Michael Pineda has been nothing short of dominant this year. Sure, his 4.08 ERA isn’t too dazzling, but with a 2.73 FIP and 2.80 SIERA, it seems as though sequencing and BABIP have hurt him more than poor pitching. Take a glance at Pineda’s .349 BABIP — a number 60 points above his career average .279 — and it isn’t too difficult to see an overly inflated ERA, especially given a reasonable 0.87 HR/9 thus far. This is all impressive, but I haven’t even begun to wax poetic on his 11.8 percent swinging strike rate or 24.6 percent strikeout rate, both numbers rate him in the top-20 for qualified pitchers. Before we get too invested in what he’s doing, let’s take a look at how Pineda got here.
After a number of shoulder injuries, setbacks and a surgery, Pineda has had more than enough time to think about his approach to pitching. Coming back from his most recent injury last season, Pineda unleashed a new pitch, one which you’ve probably guessed given that it is in the title of this post. Prior to his injury he was primarily a fastball/slider guy, mostly relying on throwing his 94-95 mph fastball by hitters and then finishing them off with his wipeout slider. Since mid-2014 — when he came back from a teres major muscle strain — Pineda has all but ditched his four-seamer in favor of the new cutter. Observe the usage tables below, courtesy of Brooks Baseball.
|First half 2014||44%||1%||16%||26%||13%|
|Second half 2014||25.0%||2.0%||28.0%||37.0%||8.0%|
Pineda has thrown five sinkers his season, but that doesn’t even account for half of a percentage point. The key here is the massive shift we’ve seen in his repertoire, again, the elimination of his standard four-seamer in favor of his cutter. Certain websites have charted Pineda throwing many more fastballs, however the cut-action and run of the pitch, as well as Brooks Baseball’s hand charting have lead me to call it a cutter.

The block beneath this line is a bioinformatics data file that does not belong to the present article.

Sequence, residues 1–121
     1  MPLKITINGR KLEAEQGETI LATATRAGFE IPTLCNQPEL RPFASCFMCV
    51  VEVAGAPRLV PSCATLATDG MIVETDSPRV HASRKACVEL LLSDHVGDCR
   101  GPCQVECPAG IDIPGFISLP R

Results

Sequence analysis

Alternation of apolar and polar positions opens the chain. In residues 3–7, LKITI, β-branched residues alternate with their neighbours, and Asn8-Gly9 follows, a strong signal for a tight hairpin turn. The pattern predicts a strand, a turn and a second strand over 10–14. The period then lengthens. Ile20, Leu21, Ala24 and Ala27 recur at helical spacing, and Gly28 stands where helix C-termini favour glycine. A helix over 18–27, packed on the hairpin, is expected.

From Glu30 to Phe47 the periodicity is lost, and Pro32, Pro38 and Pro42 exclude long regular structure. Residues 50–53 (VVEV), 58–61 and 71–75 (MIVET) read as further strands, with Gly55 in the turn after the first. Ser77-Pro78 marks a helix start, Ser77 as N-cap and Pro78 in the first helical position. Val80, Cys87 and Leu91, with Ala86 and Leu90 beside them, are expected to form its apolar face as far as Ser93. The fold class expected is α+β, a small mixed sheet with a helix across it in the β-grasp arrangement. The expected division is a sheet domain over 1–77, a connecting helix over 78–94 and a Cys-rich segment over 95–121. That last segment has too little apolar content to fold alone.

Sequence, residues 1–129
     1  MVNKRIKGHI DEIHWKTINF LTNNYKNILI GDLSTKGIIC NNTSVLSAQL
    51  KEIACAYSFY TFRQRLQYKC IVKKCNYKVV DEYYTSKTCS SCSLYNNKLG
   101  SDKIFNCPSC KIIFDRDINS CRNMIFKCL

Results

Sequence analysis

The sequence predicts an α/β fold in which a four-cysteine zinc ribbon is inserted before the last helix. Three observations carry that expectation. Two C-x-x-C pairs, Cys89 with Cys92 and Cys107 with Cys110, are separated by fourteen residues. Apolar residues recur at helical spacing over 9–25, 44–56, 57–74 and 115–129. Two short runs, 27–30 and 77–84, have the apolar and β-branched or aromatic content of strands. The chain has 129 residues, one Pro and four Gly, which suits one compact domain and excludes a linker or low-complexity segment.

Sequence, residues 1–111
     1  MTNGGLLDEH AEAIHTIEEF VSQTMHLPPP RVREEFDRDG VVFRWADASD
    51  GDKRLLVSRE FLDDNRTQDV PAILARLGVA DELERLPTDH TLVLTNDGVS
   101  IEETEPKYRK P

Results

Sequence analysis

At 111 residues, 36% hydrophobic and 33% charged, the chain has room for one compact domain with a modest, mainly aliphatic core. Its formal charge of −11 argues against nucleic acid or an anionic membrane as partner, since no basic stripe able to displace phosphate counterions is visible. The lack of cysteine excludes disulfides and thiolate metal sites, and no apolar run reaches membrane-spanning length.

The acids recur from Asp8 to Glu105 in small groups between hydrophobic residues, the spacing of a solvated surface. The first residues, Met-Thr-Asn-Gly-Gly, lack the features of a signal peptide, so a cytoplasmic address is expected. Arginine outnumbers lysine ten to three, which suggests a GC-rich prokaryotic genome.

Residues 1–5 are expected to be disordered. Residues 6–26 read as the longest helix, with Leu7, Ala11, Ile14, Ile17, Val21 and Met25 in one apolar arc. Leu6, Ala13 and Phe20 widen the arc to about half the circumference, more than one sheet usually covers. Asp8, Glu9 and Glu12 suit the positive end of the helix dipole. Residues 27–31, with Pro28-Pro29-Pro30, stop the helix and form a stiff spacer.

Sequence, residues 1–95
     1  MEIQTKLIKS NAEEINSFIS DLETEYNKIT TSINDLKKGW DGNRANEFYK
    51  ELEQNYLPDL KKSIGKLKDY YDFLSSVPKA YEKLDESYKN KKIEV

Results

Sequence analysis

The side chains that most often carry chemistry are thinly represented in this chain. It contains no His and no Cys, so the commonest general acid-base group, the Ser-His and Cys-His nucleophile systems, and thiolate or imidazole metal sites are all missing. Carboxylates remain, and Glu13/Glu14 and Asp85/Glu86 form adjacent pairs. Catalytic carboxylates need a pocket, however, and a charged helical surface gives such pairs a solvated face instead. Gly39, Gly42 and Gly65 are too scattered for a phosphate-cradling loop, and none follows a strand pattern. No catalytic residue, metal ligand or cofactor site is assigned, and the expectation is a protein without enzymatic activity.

Even a quick glance shows the difference. After throwing from an arm slot that tended to drift away from his body, Pineda has seen his release point come higher and more over the top since he added the cutter.
As a general rule, I’m pretty wary of alleged in-season adjustments or sudden breakouts. Knee-jerk reactions and rash decisions don’t have a place in fantasy baseball — unless my league mates want to do that, then go right ahead. That being said, when a real change has taken place, like with Pineda and adding a new pitch while dropping his four-seamer, it’s hard to not buy into him. Account for a more normalized BABIP going forward to help his ERA drop and Pineda figures to be an absolute stud for the rest of the season and beyond. The risk is always going to be a factor with any pitcher, particularly one with an injury history as extensive as Pineda, but I’d be comfortable making a trade for him on his strikeouts and ratios moving forward.
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